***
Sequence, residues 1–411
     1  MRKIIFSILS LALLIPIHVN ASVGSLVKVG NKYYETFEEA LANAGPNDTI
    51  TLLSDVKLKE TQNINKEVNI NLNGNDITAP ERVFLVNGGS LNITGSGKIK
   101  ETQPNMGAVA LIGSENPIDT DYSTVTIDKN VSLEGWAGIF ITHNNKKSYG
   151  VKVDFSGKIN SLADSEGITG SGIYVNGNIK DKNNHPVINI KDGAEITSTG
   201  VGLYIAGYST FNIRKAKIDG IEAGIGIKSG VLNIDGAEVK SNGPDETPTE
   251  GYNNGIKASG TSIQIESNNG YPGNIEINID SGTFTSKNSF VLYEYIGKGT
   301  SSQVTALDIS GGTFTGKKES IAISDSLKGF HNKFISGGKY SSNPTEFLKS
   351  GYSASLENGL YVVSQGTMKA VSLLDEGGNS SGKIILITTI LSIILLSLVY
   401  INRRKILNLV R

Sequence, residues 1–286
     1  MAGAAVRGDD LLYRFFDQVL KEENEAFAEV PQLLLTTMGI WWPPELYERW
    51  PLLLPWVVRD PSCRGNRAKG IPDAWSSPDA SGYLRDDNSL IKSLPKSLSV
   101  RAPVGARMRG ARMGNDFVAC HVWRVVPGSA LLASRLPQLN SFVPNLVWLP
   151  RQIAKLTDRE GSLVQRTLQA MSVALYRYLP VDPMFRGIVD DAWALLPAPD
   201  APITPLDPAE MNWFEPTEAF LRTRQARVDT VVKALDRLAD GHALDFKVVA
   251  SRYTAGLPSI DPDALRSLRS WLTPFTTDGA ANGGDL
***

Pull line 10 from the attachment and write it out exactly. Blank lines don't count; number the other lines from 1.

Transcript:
   401  INRRKILNLV R